Jobs, Rally, Sentiment

Wow. Just Wow.

This relentless rally from the Market abyss in March has been one for the ages. The crash lower to start the year has been followed by a crash upward as the calendar approaches its midpoint. The S&P 500 just recorded its biggest 50-day rally in 8 decades, up over 40%. I guess it just fits the narrative of 2020, with so many unprecedented events.

The big story for the Market this week, unequivocally, was the much better-than-expected May nonfarm payrolls report. 2.5 Million jobs were added to the US Economy last month. It was expected to be an 8 Million reduction. Think about this: What was expected to be another 8 Million jobs lost in the month ended up being an actual increase in job creation, by 2.5 Million. This occurred during the pandemic. The unemployment rate is now 13.3%. The Street was estimating 19.6%. It was a complete and total stunner. Economists are often wrong. That is no surprise. How could the economists be that wrong?? I have looked into it. I found no answer.

As soon as this report hit the wires, stocks launched higher again. Stocks have been super strong for weeks, despite the really bad earnings and economic data. The thing is though, the bad data keeps getting less bad. The numbers keep rising, but the rate of change is slowing. In the case of jobs, the report was actually good. It’s a total head-scratcher.

The recent economic data suggests the worst is over. The question is about recovery; V-shaped or U or something longer. The Stock Market has been reflecting a V-shaped recovery all along. The Market has been screaming loudly for weeks. The industries that saw the biggest job losses in April saw the biggest gains in May. Leisure & hospitality accounted for about 40% of the job loss in April and 40% of the gain in May.

The rise in the labor participation rate in May could soothe worries about the longer-term economic damage. The job report will no doubt add to optimism for the economic reopening. The Market rally is already founded on fiscal and monetary stimulus, a heightened focus on an uptick in high-frequency data, and Corporate America seeing demand strengthening.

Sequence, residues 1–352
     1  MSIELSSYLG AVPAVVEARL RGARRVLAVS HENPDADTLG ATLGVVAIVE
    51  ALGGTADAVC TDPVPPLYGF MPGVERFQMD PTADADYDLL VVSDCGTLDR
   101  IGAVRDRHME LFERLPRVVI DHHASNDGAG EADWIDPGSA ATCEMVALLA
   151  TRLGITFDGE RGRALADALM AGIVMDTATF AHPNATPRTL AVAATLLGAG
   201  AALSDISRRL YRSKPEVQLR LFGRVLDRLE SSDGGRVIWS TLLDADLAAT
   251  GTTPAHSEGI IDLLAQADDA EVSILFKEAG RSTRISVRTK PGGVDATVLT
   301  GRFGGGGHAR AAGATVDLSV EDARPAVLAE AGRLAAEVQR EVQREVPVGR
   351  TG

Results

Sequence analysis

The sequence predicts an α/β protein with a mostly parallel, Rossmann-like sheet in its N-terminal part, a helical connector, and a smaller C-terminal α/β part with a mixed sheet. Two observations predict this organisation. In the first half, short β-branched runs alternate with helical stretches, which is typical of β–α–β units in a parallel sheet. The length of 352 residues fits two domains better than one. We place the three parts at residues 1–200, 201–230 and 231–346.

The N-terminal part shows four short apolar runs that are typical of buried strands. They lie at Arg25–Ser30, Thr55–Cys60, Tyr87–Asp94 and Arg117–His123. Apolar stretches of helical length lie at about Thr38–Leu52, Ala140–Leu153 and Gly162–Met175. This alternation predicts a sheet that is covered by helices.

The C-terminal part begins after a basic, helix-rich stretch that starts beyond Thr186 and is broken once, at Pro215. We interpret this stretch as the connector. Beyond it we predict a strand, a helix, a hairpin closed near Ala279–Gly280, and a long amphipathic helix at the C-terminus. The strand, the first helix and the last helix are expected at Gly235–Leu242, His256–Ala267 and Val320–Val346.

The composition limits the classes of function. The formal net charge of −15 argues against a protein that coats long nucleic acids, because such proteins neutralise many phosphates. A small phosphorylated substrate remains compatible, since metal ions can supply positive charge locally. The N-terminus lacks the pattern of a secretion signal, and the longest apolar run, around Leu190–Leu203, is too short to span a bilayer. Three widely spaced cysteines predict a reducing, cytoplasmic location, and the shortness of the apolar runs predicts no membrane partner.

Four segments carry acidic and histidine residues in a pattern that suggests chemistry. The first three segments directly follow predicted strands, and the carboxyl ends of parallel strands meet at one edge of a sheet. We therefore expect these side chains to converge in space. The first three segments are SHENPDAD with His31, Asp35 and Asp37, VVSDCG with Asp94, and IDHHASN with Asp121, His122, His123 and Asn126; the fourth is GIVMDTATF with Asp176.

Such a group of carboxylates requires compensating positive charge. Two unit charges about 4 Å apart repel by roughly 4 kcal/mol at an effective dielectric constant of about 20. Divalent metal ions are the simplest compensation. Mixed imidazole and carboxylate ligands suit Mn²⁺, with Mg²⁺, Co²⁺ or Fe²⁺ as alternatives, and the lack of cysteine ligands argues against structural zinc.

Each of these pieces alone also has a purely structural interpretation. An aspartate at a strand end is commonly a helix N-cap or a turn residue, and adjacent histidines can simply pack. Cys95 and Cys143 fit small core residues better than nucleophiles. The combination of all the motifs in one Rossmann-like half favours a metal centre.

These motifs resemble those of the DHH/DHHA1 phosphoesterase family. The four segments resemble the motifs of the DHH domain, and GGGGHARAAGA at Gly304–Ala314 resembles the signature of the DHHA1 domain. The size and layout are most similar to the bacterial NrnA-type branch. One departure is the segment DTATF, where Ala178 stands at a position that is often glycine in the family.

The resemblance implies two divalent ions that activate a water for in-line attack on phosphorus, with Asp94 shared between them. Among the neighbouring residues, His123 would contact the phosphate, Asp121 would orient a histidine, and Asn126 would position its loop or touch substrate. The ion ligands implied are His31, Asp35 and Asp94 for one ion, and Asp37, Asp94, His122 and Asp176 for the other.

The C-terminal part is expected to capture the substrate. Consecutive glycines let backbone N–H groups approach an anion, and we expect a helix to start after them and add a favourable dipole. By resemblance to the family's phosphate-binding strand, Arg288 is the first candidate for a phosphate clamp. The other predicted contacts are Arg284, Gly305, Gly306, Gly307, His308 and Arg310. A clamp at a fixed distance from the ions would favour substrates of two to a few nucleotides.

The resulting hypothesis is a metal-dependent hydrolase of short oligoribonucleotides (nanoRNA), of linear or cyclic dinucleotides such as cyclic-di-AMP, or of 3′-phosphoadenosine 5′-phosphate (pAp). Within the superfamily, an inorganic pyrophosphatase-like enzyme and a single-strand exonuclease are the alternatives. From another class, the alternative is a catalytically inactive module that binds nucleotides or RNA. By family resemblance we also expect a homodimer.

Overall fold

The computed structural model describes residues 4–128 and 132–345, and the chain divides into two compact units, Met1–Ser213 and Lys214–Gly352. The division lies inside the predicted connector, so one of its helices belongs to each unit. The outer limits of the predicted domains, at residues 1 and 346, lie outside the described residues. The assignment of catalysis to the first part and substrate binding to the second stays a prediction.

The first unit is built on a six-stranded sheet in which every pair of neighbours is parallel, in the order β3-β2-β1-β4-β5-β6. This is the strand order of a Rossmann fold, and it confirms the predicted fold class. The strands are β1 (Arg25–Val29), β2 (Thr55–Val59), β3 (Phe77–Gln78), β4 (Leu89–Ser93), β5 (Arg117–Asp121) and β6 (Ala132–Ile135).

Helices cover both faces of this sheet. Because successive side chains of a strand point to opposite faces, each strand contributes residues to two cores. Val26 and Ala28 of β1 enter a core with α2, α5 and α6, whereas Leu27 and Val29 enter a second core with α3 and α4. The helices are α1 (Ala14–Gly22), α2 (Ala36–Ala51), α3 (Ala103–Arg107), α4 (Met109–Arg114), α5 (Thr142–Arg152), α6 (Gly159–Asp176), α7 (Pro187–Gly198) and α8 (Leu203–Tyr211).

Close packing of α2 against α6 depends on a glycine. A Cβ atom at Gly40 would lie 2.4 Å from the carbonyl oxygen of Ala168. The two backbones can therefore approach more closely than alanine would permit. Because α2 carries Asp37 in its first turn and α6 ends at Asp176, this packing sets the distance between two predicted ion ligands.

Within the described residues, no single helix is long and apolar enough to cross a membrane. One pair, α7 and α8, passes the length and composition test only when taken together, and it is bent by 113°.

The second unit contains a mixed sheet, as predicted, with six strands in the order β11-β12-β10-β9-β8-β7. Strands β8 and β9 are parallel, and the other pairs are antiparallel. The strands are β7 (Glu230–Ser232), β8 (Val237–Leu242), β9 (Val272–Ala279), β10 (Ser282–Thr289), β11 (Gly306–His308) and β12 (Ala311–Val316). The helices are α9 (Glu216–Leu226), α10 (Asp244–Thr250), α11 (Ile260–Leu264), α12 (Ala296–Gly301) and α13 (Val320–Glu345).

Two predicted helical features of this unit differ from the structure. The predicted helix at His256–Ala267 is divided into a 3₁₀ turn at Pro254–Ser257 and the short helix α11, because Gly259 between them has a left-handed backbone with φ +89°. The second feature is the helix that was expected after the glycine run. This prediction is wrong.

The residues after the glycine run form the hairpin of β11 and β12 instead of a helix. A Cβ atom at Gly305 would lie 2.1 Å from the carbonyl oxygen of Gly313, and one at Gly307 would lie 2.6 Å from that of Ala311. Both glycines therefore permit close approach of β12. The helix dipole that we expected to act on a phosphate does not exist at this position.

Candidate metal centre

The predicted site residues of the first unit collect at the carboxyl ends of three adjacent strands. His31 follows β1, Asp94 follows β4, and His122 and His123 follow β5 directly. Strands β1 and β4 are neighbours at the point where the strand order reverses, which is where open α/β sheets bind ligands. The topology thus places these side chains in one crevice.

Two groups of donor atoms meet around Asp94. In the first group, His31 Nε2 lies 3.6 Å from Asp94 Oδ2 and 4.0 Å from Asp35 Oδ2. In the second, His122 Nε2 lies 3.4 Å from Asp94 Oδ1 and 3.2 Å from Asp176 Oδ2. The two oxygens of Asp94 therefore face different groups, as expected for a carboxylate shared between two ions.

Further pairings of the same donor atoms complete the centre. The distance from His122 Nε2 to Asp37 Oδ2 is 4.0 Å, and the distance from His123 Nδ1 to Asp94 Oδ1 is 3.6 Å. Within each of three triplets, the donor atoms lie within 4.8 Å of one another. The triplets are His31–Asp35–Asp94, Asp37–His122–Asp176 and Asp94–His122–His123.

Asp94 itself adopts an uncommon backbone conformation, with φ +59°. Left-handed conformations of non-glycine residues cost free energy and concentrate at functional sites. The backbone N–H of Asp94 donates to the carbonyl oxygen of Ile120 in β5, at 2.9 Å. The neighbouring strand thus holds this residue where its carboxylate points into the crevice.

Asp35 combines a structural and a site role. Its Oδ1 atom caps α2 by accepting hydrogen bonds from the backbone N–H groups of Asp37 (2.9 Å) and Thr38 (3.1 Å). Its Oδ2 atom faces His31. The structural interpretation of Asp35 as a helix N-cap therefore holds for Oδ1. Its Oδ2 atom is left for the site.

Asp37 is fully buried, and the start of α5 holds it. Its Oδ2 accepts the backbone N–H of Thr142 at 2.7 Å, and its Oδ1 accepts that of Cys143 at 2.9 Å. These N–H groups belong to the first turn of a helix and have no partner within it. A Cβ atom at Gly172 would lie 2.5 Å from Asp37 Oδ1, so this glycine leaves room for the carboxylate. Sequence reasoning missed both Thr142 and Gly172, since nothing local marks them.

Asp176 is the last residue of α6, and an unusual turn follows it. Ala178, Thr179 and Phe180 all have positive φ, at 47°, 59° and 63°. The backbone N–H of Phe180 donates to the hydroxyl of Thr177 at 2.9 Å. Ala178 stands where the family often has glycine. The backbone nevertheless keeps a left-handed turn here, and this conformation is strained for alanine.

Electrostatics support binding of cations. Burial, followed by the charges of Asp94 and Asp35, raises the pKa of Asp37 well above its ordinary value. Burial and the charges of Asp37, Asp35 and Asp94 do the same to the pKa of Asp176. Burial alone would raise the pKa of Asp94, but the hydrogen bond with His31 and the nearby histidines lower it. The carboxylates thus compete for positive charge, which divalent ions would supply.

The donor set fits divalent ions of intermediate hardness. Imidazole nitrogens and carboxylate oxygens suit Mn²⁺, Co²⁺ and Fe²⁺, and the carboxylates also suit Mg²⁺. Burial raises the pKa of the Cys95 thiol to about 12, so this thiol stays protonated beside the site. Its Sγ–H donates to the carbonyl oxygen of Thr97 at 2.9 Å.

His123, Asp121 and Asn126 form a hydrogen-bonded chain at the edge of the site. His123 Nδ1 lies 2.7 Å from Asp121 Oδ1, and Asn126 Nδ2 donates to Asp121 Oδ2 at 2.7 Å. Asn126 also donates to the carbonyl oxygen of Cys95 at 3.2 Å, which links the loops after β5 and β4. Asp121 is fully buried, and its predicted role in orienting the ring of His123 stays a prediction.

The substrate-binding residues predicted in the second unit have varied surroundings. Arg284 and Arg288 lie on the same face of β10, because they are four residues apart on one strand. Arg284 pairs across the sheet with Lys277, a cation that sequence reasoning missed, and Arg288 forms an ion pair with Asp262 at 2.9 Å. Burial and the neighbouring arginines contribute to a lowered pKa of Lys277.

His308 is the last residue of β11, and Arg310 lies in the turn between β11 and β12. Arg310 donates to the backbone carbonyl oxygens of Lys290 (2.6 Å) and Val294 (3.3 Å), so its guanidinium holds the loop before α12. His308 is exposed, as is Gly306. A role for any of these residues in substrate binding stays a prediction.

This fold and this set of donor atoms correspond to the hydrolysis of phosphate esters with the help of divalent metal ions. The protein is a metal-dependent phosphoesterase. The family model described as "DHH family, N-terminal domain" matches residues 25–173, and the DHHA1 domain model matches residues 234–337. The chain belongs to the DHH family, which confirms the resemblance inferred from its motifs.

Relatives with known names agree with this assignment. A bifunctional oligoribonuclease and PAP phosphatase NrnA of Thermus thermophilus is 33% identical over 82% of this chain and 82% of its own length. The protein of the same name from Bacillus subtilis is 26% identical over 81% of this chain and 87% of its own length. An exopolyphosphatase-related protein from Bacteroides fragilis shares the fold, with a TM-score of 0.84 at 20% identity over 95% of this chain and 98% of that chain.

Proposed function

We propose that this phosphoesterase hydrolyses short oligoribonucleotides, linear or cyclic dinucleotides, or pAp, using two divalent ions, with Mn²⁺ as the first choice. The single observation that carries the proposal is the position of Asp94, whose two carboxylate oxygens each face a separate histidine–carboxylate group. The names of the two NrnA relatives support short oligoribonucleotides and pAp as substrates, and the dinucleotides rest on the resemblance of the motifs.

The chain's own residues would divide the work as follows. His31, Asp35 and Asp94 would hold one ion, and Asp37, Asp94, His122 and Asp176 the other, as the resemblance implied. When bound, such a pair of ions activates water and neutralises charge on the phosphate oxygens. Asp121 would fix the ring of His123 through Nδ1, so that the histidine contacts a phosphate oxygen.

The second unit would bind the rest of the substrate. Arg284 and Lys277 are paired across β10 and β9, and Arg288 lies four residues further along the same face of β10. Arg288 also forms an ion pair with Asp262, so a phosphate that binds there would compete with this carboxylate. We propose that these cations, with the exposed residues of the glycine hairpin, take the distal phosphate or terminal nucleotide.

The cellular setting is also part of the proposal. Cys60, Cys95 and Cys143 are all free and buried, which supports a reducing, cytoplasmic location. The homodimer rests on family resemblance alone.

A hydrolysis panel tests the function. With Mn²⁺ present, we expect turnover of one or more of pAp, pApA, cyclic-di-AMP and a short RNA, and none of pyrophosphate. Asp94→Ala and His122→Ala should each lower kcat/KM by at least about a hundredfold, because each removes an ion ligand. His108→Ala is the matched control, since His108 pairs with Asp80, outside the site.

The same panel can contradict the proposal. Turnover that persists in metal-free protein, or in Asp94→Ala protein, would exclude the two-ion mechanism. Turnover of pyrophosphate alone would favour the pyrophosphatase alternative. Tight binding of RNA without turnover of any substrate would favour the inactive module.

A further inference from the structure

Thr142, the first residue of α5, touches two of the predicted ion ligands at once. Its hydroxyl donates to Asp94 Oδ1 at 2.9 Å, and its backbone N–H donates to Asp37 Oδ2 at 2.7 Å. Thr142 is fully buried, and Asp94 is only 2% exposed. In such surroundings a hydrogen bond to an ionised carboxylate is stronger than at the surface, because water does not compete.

There has also been more and more discussion about whether stocks are right to largely ignore the negative forces. There have been widespread violence and protests in the US. China made an aggressive move to impose a new security law on Hong Kong. There’s a Cold War brewing between the US and China, which clearly threatens the Global Economy. And it’s as if the Market forgot about Covid. Right or wrong, the coronavirus is no longer slowing down the Bulls whatsoever.

Investor sentiment has been volatile too. It was close to euphoric in February, just before the crash commenced. The crash triggered panic sentiment, something that always happens during major declines. Investor sentiment hit lows in March commonly found around Market bottoms. It’s back up near the highs of the year. The chase is on.

Investor sentiment is always an effective tool to gauge tops and bottoms. It is very much a contrarian indicator. The best time to buy is, as Baron Rothschild famously phrased, “when there is blood in the streets.” Warren Buffett was a bit more eloquent when he said he gets fearful when others are greedy and he gets greedy when others are fearful.

This rally is bordering on the ridiculous now. It sure is great to see these signs of improvement as recovery takes hold. We certainly enjoy that. But there has been a lot of short-covering and downright panic buying this week. Leadership has moved from Growth, like Tech and Health Care to Value, like Financials and Industrials. Attitudes have gone from fear to fear of missing out. There seems to be a real fear of missing out in this rally.

The point is, investing can be quite emotional. Fear is a much stronger sensation than greed. And making money can mask a lot of problems below the surface. American voters are still divided on politics. But American investors seem to be in agreement on the Stock Market. Time and again, investors have a proven track record of chasing rallies by buying high and then selling low. It’s the complete opposite of design.

Recovery is a process. It requires patience. We still anticipate a lot of back-and-forth as the American Economy continues to reopen. The Stock Market is downright giddy right now. That said, the momentum is undeniably strong. The job report was almost certainly artificially influenced by the Congressional Paycheck Protection Program. When payroll benefits expire in July, things could certainly look much different. A resurgence of the virus would be trouble too. There’s also that not-so-little event called an election later on in the year. The second half of 2020 is going to be eventful too.

Investing is a marathon and recovery requires patience. This rally has been explosive and certainly boosts investor confidence. Sentiment is historically driven by past returns. There’s nothing like price action to change sentiment. The rally has done it. It’s already priced in a lot of good. We just have our eyes wide open for what comes next.

Have a nice weekend. We’ll be back, dark and early on Monday.


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